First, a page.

Tuesday, June 5, 2012

Split OpenLayers Polygons with JSTS

Update: I've put several months of development into our app since this post was first published, with probably a couple weeks' extra work into the SplitPolygon tool.  Our tool is now production quality, but I won't post it here until I get word from our legal department on an OpenLayers CLA.  I'm leaving the old code up, but be warned that it's more like demo quality.  In particular, note that because this version doesn't split edges of "unaffected" polygons adjacent to affected polygons, split polygons may not merge cleanly back with their neighbors.  Also, because Mobile Safari likes to terminate long-running tasks without warning, I did significant rework to break tasks into the smallest pieces I could without modifying JSTS itself, and running the pieces on timers.  This was nice for other reasons, as it allowed me to display progress updates, etc.  Anyway, hopefully I'll get the real version posted... someday.

So I've got a half-baked SplitPolygon control for OpenLayers that's good enough for our use in a project here at work but not ready for submission back to OpenLayers (if they'd even accept a control with an external dependency), and I thought I should find some way to share it for others trying to do the same thing.  It seems like the typical route is one's personal "code blog."  So I made this lovely personal code blog, where I will share such thing(s).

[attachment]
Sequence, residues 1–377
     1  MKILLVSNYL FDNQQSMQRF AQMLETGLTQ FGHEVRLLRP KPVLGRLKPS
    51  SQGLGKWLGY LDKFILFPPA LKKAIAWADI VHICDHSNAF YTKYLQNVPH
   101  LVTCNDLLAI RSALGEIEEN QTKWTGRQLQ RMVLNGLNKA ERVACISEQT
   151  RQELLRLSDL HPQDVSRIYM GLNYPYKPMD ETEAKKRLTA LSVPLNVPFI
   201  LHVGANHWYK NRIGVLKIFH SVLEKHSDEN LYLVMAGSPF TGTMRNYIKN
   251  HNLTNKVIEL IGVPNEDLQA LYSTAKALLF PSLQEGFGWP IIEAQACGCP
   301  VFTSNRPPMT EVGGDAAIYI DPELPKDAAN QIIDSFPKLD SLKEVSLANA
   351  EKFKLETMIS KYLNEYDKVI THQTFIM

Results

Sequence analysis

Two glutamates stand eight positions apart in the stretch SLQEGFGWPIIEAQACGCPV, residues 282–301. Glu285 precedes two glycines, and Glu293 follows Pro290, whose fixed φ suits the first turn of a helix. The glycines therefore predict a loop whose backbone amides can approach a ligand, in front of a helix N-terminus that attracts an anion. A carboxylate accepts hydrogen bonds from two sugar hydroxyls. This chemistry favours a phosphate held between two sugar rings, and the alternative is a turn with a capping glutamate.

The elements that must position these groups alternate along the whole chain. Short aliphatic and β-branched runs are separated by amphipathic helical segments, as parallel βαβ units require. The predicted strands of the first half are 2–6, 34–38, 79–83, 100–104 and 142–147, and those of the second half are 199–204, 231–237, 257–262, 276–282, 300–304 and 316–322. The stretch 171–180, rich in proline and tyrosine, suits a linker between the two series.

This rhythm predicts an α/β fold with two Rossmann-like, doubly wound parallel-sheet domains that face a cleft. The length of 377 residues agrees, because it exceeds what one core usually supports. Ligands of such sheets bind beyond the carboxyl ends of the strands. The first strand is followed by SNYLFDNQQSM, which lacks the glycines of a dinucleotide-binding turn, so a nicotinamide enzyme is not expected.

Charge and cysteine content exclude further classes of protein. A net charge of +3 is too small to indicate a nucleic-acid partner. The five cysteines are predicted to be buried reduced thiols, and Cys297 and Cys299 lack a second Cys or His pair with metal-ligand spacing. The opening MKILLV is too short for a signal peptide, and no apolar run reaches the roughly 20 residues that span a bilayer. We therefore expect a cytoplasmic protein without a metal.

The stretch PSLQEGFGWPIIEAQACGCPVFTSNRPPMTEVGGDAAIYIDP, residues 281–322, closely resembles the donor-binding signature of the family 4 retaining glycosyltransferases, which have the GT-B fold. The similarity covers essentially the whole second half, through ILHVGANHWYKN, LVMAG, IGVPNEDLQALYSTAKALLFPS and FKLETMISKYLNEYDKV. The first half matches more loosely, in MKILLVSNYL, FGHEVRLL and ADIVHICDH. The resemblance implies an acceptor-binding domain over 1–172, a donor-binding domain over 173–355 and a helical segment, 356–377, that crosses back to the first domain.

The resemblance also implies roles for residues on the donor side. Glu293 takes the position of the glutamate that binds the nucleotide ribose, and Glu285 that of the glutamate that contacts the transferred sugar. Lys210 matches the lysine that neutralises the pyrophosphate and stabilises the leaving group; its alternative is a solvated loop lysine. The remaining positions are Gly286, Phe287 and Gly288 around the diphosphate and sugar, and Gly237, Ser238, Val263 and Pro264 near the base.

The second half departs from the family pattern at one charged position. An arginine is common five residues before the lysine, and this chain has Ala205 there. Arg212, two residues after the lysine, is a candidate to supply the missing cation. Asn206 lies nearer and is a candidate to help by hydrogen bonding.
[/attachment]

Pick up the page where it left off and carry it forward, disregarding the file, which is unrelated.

Here's the SplitPolygon code.  It's just the OpenLayers Split Control, slightly mangled to handle polygons instead of polylines.  The Split control will technically handle any OpenLayers.Geometry with a "split" method, but as of OpenLayers 2.12, only polylines have this method.

It depends on the excellent JSTS, a JavaScript port of Martin Davis's JTS Topology Suite by the illustrious Bj√∂rn Harrtell, who (through his employer, SWECO Position AB), for a very reasonable fee, ported the critical Polygonizer.  The logic in the considerSplit function is ripped from a desktop application we wrote for the USDA.

The tool works through the supplied layer and splits all eligible features with the provided polyline.  The polyline can be arbitrarily complex, with self-intersections and other goodness.   It can split a single polygon into several pieces.  I put some code in to limit the splits to visible features because that was a requirement for our app.

Because we're using it on touch devices, which can't use CTRL-Z and ESC for undo and cancel, it adds two links to the map (one for undo and one for cancel).

I commented out some code we weren't using, and I mostly ignored parts of it that I didn't understand.  So this might serve as a base for your own tool but probably shouldn't be taken as-is.

Hope this helps!

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